This was one of the highlights of the weekend for the children and I was delighted to give them a new experience to come home talking about. My husband, less of a thrill-seeker than the kids and I, came off with white knuckles and a forced smile, while my three-year old grinned from ear to ear!
Children’s entertainment was obviously an area the organisers had worked extremely hard on.
If I could suggest the odd improvement for next year, I think a small tent with baby change facilities as well as an indoor area for toddlers with some soft play toys would be a great addition.
Still, with so many kids in presence, there was always something to keep them occupied and the only time I heard a cursory ‘I’m bored’ was when we dragged them away from the kids’ stuff to watch bands.
Even then, they were mostly happy dancing with us, doing handstands and cartwheels in the corner of the main stage with their new friends, or snuggled up on the picnic rug having a nap.
All four of the stages at Lakefest are in tents, which provide shelter from sun, rain and wind, all of which we experienced over the course of the weekend, though the weather was mostly pleasant, and it made life much easier with small people.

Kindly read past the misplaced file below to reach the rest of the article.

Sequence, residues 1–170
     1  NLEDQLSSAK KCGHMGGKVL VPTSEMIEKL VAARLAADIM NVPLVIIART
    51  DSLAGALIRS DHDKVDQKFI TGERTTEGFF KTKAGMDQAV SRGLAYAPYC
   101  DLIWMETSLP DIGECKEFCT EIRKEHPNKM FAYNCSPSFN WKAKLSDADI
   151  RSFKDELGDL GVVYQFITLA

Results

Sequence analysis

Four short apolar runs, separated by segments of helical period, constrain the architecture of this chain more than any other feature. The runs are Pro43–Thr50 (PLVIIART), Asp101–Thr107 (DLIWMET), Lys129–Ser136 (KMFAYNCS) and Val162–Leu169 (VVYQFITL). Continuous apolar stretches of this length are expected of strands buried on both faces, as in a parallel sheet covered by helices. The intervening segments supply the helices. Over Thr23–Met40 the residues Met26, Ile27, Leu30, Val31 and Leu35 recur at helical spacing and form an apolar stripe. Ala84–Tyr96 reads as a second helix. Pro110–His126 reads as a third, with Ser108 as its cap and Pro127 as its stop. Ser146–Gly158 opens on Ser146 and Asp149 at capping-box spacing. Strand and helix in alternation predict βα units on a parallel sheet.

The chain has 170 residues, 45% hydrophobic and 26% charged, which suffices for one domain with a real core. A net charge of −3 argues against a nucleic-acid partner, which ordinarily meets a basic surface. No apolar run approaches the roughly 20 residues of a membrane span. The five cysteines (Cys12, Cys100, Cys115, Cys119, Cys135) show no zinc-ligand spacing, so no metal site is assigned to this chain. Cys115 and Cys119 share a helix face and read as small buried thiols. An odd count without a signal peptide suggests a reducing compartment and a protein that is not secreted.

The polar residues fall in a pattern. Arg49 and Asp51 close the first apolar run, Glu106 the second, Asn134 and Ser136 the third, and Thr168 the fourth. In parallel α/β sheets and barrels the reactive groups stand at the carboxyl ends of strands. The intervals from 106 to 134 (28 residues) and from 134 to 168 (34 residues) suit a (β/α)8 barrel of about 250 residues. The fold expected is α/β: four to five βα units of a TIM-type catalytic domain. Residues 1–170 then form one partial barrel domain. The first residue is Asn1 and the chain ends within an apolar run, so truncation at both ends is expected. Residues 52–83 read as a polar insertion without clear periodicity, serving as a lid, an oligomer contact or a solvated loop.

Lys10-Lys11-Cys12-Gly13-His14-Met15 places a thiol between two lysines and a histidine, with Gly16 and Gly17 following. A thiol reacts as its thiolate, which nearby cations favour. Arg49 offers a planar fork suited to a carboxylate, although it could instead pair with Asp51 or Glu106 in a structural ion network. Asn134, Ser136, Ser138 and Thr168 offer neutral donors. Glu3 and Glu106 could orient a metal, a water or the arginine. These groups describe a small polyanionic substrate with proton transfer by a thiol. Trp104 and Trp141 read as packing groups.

None of the tents ever got too busy, even for the headline acts, so there were enough people to create a good atmosphere, while still meaning there was space at the back to lay down a rug. Also, because the tents aren’t too large, you can happily stay near the back without feeling out of the action.
The three main headliners at the festival were Buzzcocks, Shed Seven and Fun Lovin’ Criminals, all who put on stonking shows each worthy of their top place in the line-up.
I particularly enjoyed reminiscing to Shed Seven’s Britpop anthems that I used to bounce around to as a teenager. Bouncing around now with my husband at my side and two small children asleep at my feet, I chuckled to myself as I remembered the last time I saw them, I was a very young, very free, very drunk girl at Reading.
Other big draws included Doctor and the Medics, Lightening Seeds, Neville Staple and The Bad Shepherds who wowed the crowd with their fantastic folk covers of punk songs by the likes of The Clash and The Jam.
Coco and the Butterfields were also great fun headlining the Floating Globe stage on the Friday night, with their curious blend of folk and hip hop that they have termed fip fok, and there were lots of smaller, local acts playing – we particularly enjoyed the Celtic inspired Whipjacks on Sunday afternoon, who played Levellers and Dropkick Murphys covers as well as their own material.
But the rather bizarre highlight for me, musically, was stumbling across a bearded guy sing blues at the Busk Stop, while a young girl tapped percussion and a teenage boy humbly showed off his skills on guitar. It was magical.